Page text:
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TOC Profile - Jordan Pease

TOC Profile: Jordan Pease

By: Mary Helen Sprecher

Everyone has days when they feel like they're at a disadvantage going onto the court. Maybe they didn't get enough sleep, maybe they have a nagging injury, maybe they're stressed out about something going on in their life.

Nobody has an excuse like Jordan Pease has an excuse. What makes him different, though, is that he never uses it as an excuse.

Pease, currently a senior at Colorado School of Mines, lost his right hand as a 5-year-old playing with a hay grinder on the family farm. He was right-hand dominant at the time.

"So I taught myself to do everything left-handed," Pease says.

That includes tennis.

Colorado School of Mines

"It doesn't really hurt my game," he says. "You can't switch grips like everyone else, but you can still play."

Pease, who recently competed on the Ore Diggers' club team as part of the Tennis On Campus Fall Invitational, helped lead the A-team to a first-place win in the silver bracket.

He has been active in the school's club throughout his enrollment, and in his sophomore year, was club team president.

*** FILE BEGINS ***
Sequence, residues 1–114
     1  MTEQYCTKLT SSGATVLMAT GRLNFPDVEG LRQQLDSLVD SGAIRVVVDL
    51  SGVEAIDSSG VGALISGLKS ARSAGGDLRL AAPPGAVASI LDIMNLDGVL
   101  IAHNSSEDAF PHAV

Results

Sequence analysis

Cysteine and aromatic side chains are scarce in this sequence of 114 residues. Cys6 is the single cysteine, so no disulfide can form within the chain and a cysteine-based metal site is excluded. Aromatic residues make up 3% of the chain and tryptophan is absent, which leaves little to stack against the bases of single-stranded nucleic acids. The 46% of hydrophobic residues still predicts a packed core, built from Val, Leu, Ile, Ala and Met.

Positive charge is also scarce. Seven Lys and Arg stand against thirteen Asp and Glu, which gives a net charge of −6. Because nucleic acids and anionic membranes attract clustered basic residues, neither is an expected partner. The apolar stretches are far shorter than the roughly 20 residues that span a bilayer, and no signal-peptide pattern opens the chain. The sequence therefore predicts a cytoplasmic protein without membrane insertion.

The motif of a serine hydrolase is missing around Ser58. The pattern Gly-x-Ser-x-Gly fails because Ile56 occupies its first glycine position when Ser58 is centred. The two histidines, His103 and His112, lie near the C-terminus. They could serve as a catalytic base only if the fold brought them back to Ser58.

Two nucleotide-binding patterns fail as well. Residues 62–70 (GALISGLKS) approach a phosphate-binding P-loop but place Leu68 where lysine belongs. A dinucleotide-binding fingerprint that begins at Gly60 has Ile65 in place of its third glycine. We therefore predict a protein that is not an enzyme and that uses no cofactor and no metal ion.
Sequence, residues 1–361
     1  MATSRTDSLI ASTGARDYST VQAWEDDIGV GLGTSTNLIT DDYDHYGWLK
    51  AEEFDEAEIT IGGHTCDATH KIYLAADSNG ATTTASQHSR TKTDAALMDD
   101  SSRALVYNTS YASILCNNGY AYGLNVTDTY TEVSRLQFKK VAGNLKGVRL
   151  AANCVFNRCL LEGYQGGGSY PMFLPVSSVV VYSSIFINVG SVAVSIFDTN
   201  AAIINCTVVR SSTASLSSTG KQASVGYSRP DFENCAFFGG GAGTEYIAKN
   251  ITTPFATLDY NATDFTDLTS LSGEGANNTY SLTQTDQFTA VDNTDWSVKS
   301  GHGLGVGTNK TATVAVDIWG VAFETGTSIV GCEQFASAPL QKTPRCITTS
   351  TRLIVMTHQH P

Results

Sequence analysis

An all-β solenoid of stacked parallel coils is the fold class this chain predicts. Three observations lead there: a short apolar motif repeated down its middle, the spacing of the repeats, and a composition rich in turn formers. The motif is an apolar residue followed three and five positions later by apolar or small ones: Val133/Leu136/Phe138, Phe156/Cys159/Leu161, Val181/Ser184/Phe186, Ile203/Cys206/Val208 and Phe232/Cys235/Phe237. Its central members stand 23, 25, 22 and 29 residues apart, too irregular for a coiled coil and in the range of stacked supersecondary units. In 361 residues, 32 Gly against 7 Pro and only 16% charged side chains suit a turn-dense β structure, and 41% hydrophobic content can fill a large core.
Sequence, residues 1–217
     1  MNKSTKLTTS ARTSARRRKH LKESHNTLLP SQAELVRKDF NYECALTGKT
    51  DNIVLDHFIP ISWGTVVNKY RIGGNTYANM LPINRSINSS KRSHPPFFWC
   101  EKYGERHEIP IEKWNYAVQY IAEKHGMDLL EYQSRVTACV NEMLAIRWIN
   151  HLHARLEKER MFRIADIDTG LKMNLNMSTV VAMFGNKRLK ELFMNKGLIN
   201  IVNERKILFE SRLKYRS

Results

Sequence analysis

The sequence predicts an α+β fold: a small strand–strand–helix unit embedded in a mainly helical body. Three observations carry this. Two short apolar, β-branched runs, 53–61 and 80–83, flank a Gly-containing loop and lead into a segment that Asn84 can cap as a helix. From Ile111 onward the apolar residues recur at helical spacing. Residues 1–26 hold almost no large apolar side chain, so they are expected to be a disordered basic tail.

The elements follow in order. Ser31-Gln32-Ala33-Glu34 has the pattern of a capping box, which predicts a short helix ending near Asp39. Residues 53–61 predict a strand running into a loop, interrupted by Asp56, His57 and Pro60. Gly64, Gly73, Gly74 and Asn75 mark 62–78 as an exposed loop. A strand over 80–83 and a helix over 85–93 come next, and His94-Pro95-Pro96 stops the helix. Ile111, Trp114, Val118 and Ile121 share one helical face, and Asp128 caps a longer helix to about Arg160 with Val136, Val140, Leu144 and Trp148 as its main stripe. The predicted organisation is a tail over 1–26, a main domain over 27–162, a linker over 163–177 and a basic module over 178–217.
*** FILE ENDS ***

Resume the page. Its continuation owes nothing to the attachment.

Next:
"I love tennis, and I've been playing since I was a little kid," he says. "I started playing seriously when I was about 10. think I played in about 600 junior tournaments."

He credits his father, a Division I player, with instilling the love of the game, as well as the attitude not to be defeated or deterred by his disability.

His most important inspiration in day to day life, he says, comes from the Serenity Prayer:

God grant me the serenity to accept the things I cannot change; courage to change the things I can; and wisdom to know the difference.

"My hand is something I can't change," he says with a shrug. "I know that."

He had already learned to print with his right hand at the time of the accident, but learned cursive with his left.

"I have girlie handwriting," he laughs. "I write cursive way, way better than I print."

His hometown is Bloomington, Minnesota, where his family lives. At School of Mines, he's majoring in environmental engineering, and plans to obtain a masters in mechanical or petroleum engineering.

And of course he'll keep on playing tennis.

To date, he hasn't run into another player with a similar disability, but has advice for anyone facing adversity from an injury or illness.

"Don't use it as an excuse. Keep your head up. Say the Serenity Prayer. Don't concentrate on the things you can't change. Just play tennis."

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